US mission ‘covered’ erotic paintings in historic building in Istanbul
Ceyhun Kuburlu ISTANBUL
The Palazzo Corpi was built in 1860 by Giacomo Leoni for Italian businessman Ignazzio Corpi.Restorations at a historic building in central Istanbul, which was used by the U.S. as an embassy and consulate building for nearly a century, have unveiled a unique example of "censorship," after nude drawings surfaced from under thick wall paint.
The U.S. mission left the building in the Tepebaşı neighborhood of Istanbul’s Beyoğlu district in 2003 and it has remained mostly idle since then. However, property developer Serdar Bilgili recently hired the facility for 51 years to transform the venue into a branch of the private members' club, Soho House, after which he made the sensational discovery.
During restorations of the building, workers came across “erotic” murals when they removed thick paint from the walls.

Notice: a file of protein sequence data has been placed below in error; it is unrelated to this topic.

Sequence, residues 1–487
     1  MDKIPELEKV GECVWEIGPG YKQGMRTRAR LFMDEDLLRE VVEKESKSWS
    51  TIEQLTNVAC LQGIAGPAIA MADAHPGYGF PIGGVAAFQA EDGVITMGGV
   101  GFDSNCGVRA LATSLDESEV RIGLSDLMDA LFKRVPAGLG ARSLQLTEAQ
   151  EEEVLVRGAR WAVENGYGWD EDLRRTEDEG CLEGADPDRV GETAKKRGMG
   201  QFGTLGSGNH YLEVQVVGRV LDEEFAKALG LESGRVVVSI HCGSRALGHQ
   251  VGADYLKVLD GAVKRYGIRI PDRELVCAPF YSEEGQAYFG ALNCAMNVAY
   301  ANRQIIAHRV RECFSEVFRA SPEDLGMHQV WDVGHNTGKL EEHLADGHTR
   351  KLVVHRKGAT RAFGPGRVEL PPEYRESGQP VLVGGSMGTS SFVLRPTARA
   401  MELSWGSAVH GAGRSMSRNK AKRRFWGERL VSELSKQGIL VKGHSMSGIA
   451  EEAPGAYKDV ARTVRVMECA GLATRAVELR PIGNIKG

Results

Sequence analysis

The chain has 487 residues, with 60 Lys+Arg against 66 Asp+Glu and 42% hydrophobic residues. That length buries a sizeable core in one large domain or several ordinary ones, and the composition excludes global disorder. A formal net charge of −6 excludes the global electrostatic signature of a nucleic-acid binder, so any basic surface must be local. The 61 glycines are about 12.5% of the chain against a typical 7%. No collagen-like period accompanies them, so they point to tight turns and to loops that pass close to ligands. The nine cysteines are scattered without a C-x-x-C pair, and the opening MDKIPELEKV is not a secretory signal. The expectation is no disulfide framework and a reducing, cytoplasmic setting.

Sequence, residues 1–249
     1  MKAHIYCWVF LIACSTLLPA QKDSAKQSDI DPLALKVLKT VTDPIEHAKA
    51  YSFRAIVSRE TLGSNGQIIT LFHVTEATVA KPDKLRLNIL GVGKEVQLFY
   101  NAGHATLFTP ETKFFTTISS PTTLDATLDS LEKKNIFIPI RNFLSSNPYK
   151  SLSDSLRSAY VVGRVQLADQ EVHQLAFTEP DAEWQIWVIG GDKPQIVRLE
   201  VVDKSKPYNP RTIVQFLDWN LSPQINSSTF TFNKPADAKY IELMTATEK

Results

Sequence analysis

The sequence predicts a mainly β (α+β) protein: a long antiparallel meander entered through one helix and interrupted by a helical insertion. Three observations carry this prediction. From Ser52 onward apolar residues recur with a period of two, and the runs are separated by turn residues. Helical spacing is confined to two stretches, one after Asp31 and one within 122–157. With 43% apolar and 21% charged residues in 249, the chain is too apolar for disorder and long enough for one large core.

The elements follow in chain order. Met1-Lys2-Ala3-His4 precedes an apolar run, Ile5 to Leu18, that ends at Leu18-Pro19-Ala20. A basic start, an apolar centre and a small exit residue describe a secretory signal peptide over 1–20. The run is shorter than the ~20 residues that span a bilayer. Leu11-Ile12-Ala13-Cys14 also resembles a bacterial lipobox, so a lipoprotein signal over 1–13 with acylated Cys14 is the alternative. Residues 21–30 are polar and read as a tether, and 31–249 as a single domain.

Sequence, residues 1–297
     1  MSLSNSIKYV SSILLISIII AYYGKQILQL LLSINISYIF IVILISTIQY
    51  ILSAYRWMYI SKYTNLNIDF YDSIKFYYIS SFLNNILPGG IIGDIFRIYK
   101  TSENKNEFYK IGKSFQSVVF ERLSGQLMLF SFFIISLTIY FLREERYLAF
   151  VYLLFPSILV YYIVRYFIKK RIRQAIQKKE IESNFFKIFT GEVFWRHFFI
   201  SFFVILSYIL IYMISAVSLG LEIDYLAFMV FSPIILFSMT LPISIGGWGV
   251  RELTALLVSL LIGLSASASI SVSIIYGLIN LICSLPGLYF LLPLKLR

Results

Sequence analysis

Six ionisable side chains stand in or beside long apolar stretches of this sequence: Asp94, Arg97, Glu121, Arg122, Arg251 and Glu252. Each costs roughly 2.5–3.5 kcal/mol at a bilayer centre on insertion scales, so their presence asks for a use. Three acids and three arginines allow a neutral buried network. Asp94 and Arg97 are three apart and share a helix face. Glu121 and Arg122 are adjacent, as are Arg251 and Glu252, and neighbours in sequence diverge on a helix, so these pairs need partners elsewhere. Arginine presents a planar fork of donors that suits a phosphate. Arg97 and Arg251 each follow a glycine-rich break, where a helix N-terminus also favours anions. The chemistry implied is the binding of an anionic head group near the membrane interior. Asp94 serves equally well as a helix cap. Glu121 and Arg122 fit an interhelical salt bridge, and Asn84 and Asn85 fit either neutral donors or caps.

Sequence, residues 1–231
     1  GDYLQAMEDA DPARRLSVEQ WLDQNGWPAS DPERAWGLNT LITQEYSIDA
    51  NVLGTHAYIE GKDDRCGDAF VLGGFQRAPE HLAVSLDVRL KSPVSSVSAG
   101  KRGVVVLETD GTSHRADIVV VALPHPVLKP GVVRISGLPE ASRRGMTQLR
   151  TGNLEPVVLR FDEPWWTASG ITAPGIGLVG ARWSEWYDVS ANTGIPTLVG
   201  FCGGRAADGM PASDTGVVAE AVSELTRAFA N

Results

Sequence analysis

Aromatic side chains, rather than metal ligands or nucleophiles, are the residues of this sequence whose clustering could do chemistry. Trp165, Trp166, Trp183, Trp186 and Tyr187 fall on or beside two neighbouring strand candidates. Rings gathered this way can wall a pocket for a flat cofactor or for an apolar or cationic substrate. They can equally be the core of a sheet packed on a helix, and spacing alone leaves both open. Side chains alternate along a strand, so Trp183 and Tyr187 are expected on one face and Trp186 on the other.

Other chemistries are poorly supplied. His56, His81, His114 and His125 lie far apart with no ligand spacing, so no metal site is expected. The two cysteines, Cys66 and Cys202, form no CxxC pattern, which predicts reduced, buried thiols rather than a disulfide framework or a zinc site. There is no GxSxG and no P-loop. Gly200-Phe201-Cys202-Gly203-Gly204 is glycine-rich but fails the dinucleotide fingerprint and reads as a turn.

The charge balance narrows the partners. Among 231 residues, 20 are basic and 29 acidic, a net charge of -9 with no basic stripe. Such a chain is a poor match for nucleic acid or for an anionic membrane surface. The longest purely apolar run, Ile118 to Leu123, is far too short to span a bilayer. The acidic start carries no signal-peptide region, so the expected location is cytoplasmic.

Bilgili confirmed to daily Hürriyet that the paintings on the walls were covered when the building was used as the U.S. consulate, as they were considered improper.
The Palazzo Corpi was built in 1860 by Giacomo Leoni for Itailan businessman Ignazzio Corpi. The U.S. consulate left the building in 2003 in a bid to move to a more secure location following the 9/11 al-Qaeda attacks.
Soho House was founded in London in 1995 as a private members’ club for those in film, media and creative industries. Its venues vary from hotels and houses, to restaurants and cinemas.